Note is taken that applicant's only exemplified ultraviolet absorbers are those of Sawdey. This reference makes use of the alkali-permeable, alkali-insoluble polymer properties by applying an alkaline developer solution to the element and allowing the developer to diffuse through the ultraviolet layer to the underlying layer to couple with a color former to form a dye image, thereby retaining the u-v absorber layer over the dye image layer. * * * it is not deemed unobvious to adapt the idea of Sawdey, Tulagin et al. or Van Allan et al. for use in the claimed process of Haas.

As pointed out by the solicitor, appellant does not appear to argue that the appealed claims would not be an obvious modification in the double patenting sense of the invention claimed in the Haas patent in view of the disclosures of the prior art. Indeed, appellant's brief contents itself with no more than passing mention of the Sawdey, Van Allan and Tulagin patents.

Rather, what argument appellant does present amounts to a challenge to the legal foundation of "obviousness-type double patenting" rejections. He contends:

The Examiner admits that none of the secondary references relied upon deal with diffusion transfer processes employing dye developers. Yet, these references are employed in combination with Haas as showing that it would be "obvious" to modify the claimed invention of Haas in the manner claimed by appellant.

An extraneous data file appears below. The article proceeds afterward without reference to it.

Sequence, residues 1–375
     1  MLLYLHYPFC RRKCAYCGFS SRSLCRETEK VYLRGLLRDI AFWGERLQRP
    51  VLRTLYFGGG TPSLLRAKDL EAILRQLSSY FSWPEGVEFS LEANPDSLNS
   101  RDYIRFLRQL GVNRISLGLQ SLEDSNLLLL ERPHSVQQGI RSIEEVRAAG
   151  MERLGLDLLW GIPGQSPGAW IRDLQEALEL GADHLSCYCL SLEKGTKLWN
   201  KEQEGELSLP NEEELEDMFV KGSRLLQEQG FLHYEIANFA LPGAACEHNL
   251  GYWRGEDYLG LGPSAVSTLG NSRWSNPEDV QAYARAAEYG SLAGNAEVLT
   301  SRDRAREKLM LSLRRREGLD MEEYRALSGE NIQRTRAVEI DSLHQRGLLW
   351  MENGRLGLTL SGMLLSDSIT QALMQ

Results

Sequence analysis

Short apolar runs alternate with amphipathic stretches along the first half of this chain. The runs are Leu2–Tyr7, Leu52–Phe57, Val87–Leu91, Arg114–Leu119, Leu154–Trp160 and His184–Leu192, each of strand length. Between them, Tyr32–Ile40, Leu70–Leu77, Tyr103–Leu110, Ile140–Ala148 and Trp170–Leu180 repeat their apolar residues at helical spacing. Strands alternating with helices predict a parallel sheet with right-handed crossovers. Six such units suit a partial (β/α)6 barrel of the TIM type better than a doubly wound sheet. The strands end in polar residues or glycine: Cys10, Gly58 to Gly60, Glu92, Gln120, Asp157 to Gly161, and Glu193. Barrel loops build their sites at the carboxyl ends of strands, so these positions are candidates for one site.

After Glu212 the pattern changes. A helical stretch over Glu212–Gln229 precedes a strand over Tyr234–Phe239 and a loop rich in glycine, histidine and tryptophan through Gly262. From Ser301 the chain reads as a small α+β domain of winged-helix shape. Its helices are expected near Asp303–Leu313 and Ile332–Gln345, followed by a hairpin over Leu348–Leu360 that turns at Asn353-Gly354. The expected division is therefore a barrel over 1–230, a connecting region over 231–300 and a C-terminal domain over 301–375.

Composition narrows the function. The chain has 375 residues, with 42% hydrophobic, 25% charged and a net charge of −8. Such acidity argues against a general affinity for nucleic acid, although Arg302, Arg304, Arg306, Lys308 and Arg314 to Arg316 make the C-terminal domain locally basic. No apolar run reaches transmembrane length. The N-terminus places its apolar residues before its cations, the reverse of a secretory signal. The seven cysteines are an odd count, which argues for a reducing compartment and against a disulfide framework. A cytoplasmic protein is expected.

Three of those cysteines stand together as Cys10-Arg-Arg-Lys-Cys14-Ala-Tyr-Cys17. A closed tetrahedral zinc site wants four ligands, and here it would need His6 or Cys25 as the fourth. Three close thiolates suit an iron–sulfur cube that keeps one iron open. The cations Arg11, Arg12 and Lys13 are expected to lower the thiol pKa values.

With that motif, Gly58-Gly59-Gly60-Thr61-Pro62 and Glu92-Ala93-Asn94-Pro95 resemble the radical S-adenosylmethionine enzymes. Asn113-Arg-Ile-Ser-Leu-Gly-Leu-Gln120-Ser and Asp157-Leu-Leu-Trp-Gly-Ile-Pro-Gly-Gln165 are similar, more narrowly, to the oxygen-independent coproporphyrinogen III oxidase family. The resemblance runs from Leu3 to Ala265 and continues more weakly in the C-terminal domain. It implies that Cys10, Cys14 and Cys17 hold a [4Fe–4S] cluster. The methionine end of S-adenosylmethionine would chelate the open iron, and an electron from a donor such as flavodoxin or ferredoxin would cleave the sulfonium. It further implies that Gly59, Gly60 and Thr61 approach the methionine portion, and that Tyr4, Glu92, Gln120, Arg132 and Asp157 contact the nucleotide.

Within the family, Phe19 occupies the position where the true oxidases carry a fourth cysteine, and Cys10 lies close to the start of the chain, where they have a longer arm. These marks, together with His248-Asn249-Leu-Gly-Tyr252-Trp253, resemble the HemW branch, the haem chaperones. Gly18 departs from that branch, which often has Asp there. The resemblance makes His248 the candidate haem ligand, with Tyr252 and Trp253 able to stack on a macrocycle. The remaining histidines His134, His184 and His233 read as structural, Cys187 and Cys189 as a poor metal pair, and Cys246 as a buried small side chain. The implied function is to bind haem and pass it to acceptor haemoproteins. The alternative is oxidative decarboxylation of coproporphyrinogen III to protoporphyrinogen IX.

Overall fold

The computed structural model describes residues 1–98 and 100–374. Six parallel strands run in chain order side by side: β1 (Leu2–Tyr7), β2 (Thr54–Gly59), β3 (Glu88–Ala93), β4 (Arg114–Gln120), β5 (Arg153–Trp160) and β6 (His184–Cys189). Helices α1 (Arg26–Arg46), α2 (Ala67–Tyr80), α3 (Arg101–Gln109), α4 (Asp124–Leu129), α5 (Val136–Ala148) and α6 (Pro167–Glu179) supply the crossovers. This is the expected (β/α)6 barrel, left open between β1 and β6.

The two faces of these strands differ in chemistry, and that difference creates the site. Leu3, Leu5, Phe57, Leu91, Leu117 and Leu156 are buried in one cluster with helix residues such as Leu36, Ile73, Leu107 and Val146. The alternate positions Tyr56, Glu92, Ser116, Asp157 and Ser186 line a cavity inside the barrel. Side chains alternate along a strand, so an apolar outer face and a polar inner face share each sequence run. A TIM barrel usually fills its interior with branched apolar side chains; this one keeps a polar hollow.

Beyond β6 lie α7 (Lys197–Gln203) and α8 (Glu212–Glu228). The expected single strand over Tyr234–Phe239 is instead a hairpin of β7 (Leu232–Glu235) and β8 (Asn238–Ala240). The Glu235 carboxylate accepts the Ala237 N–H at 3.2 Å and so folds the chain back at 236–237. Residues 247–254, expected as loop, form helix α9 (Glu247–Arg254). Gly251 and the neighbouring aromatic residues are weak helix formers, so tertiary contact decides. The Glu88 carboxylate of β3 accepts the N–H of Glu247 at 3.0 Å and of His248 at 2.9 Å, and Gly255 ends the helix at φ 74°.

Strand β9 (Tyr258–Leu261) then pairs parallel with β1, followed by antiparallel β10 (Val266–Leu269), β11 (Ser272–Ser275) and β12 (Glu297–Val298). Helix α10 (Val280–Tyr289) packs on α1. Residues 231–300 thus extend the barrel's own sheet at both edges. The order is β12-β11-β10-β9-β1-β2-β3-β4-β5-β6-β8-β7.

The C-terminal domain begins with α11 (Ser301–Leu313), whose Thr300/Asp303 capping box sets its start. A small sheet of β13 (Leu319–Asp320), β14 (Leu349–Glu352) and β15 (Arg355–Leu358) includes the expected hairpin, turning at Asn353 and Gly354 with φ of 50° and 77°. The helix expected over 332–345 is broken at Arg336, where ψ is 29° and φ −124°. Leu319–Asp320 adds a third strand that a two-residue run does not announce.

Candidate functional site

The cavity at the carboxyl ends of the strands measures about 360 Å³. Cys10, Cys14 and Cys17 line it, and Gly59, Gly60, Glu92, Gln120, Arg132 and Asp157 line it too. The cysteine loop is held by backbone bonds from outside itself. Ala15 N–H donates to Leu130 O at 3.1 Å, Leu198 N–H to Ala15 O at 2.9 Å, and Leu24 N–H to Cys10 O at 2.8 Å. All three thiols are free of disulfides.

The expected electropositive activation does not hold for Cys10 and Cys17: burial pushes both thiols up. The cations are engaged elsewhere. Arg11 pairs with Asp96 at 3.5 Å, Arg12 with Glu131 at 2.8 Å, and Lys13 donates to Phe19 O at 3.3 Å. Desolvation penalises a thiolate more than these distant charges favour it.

Appellant is gravely concerned with this reasoning as applied to double patenting situations and sincerely believes that it is erroneous and contrary to the spirit of the patent system to deny an application on the grounds of double patenting under 35 U.S.C. 1017  under the rationale that it is "obvious" to modify the patented invention, that is, to change the claimed inventive concept to an entirely different invention, to wit, the invention claimed by appellant.

This type of thinking has no place under 35 U.S.C. 101 and this "obviousness" test should be left to matters arising under 35 U.S.C. 103.

* * * * * *

Appellant wishes to point out by reference to the case at bar a distressing dilemma confronting corporate practitioners which, if one follows the position taken by the Patent Office, gives rise to clearly inequitable results.

Inventions like the ones defined in the Haas patent and the involved application are not made in a vacuum. They are made in an effort to further the goals of the corporate assignee and there is a considerable exchange of information between the concerned persons. * * * Haas arrived at one solution [to the problem of light stability of dye images] which resulted in the cited patent. Rogers was not a co-inventor of this concept, but independently arrived at a separate solution. Haas never envisioned the Rogers invention and cannot be said to be a party thereto. It is a fair statement to say that, absent any prior art, the corporate assignee, the real party in interest, should be entitled to patent protection on both inventions. * * * Because of the different inventive entities, appellant was compelled as a matter of law to claim his invention in an application separate from that of Haas. Having done what he believes he was compelled to do, appellant finds himself in a box from which, following the rationale of the Patent Office, there can be no escape unless this Court expressly rules that this rationale deprives the corporate assignee, the real party in interest, of the patent protection to which it is entitled * * *.